Agriculture
Treating peanut allergy bit by bit
Protecting Cows—and People—from a Deadly Disease
Silk’s superpowers
Amphibians
Poison Dart Frogs
Bullfrogs
Newts
Animals
Deep Krill
Cacophony Acoustics
Insects Take a Breather
Behavior
The Disappearing Newspaper
Memory by Hypnosis
Honeybees do the wave
Birds
Turkeys
A Meal Plan for Birds
Crows
Chemistry and Materials
Nanomagnets Corral Oil
Hitting the redo button on evolution
Scientist Profile: Wally Gilbert
Computers
Seen on the Science Fair Scene
Supersonic Splash
Galaxies far, far, far away
Dinosaurs and Fossils
Ferocious Growth Spurts
Mini T. rex
Big Fish in Ancient Waters
E Learning Jamaica
2014 GSAT Results for Jamaican Kids
Results of GSAT are in schools this week
E Learning in Jamaica WIN PRIZES and try our Fun Animated Games
Earth
Earth's Poles in Peril
Getting the dirt on carbon
A Volcano's Deadly Ash
Environment
A 'Book' on Every Living Thing
Missing Tigers in India
Inspired by Nature
Finding the Past
Writing on eggshells
Words of the Distant Past
Stonehenge Settlement
Fish
Megamouth Sharks
Tuna
Great White Shark
Food and Nutrition
Healing Honey
Making good, brown fat
How Super Are Superfruits?
GSAT English Rules
Subject and Verb Agreement
Who vs. That vs. Which
Order of Adjectives
GSAT Exam Preparation Jamaica
2014 GSAT Results for Jamaican Kids
March 21-22, 2013: Over 43,000 students will take the GSAT Exam
GSAT Exam Preparation
GSAT Exams Jamaica Scholarships
2014 GSAT Results for Jamaican Kids
GSAT Scholarship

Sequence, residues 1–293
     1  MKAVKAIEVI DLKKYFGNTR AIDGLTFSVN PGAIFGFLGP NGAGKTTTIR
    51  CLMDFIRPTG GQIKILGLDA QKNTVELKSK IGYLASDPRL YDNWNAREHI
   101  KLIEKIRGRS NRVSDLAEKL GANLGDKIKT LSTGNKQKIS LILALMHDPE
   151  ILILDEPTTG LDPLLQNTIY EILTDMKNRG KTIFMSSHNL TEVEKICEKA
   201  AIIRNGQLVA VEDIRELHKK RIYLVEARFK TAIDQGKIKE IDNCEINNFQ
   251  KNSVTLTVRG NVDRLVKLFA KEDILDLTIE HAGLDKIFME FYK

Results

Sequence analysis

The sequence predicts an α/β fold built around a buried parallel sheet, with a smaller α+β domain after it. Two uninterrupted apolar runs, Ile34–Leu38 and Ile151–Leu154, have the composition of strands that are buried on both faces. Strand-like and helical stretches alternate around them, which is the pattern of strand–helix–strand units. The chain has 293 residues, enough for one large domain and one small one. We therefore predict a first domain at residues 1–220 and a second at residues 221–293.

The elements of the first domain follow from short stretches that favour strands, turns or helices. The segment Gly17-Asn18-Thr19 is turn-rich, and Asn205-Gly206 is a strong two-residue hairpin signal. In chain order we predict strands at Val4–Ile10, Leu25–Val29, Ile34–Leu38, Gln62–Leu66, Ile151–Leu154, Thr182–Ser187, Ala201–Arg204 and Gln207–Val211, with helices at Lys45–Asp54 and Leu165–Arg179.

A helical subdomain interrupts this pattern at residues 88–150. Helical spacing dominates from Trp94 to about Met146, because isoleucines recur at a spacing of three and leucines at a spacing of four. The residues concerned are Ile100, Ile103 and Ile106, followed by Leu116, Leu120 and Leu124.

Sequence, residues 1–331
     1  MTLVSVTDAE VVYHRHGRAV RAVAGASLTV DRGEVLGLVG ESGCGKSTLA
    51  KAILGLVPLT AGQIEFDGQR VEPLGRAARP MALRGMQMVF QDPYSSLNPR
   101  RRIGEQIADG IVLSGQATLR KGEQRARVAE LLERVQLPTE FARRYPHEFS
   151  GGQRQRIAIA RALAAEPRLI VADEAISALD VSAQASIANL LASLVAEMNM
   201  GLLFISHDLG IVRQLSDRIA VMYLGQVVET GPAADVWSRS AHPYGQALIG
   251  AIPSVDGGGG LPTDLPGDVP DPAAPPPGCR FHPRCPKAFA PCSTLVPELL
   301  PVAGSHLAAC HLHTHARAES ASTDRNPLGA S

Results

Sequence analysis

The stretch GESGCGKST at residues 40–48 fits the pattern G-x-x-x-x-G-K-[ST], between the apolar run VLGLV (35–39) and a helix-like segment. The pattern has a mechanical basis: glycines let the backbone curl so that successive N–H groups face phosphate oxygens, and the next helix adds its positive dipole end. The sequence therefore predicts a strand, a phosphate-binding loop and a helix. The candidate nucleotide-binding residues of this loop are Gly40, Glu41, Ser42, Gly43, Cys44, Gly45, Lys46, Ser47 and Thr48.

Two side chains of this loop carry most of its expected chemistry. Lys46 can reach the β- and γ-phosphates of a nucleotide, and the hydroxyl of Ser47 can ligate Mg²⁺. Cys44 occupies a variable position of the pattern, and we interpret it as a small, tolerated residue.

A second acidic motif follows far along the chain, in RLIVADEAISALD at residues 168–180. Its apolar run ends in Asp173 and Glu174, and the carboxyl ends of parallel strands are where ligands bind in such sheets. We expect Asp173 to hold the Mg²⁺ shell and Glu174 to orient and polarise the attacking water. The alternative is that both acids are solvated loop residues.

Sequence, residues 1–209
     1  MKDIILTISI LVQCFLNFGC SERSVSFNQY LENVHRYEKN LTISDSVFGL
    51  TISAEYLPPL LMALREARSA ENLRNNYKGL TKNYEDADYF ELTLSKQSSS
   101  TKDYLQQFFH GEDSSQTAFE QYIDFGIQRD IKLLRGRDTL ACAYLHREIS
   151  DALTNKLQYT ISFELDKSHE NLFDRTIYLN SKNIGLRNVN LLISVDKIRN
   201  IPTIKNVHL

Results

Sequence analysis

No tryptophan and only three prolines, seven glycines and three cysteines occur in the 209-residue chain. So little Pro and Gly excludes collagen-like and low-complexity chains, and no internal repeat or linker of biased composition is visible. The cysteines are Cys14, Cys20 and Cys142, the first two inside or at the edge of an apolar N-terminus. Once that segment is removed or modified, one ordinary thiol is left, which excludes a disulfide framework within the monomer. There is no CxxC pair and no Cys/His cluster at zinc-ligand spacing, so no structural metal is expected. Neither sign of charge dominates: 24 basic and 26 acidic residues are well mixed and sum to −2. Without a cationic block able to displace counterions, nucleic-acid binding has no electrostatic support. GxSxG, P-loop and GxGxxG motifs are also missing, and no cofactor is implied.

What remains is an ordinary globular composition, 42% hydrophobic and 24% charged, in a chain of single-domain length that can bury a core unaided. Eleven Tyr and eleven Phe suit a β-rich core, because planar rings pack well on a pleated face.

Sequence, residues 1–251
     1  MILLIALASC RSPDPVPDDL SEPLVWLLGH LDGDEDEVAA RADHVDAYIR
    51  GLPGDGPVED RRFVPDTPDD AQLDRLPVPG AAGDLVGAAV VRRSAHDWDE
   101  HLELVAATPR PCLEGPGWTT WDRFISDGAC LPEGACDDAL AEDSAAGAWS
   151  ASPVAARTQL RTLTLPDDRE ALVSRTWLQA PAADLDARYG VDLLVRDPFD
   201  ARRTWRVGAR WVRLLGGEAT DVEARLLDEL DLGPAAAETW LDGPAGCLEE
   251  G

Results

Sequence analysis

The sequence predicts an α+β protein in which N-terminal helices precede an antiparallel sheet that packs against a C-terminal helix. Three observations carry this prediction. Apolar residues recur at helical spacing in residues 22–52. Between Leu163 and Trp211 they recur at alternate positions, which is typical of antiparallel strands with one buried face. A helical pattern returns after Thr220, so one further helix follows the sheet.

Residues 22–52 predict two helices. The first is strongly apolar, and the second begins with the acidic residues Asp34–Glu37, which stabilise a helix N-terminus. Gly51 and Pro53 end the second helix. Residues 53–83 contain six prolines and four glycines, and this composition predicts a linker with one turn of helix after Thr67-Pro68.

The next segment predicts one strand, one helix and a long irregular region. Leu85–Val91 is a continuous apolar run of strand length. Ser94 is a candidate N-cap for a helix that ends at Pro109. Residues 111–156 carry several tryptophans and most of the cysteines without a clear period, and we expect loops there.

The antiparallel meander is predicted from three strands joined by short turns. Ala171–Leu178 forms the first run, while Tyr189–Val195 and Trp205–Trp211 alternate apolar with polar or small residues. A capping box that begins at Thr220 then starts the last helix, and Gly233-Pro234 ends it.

42,000 students will sit for the GSAT Exam in two weeks
GSAT Mathematics
How to Slice a Cake Fairly
GSAT Practice Papers | GSAT Mathematics | Maths
It's a Math World for Animals
Human Body
Heart Revival
Kids now getting 'adult' disease
Cell Phones and Possible Health Hazards
Invertebrates
Lice
Octopuses
Crustaceans
Mammals
Dingoes
Blue Bear
Dachshunds
Parents
What Not to Say to Emerging Readers
The Surprising Meaning and Benefits of Nursery Rhymes
Choosing a Preschool: What to Consider
Physics
IceCube Science
Extra Strings for New Sounds
One ring around them all
Plants
Flower family knows its roots
Hungry bug seeks hot meal
Tracking the Sun Improves Plant Pollen
Reptiles
Crocodiles
Asp
Pythons
Space and Astronomy
Sun Flips Out to Flip-Flop
Zooming In on the Wild Sun
A Dusty Birthplace
Technology and Engineering
Riding Sunlight
Sugar Power for Cell Phones
Squeezing Oil from Old Wells
The Parts of Speech
What is a Noun
Countable and Uncountable Nouns
Adjectives and Adverbs
Transportation
Morphing a Wing to Save Fuel
Troubles with Hubble
Seen on the Science Fair Scene
Weather
Where rivers run uphill
In Antarctica watch the heat (and your step)
A Change in Climate
Add your Article

When frog gender flips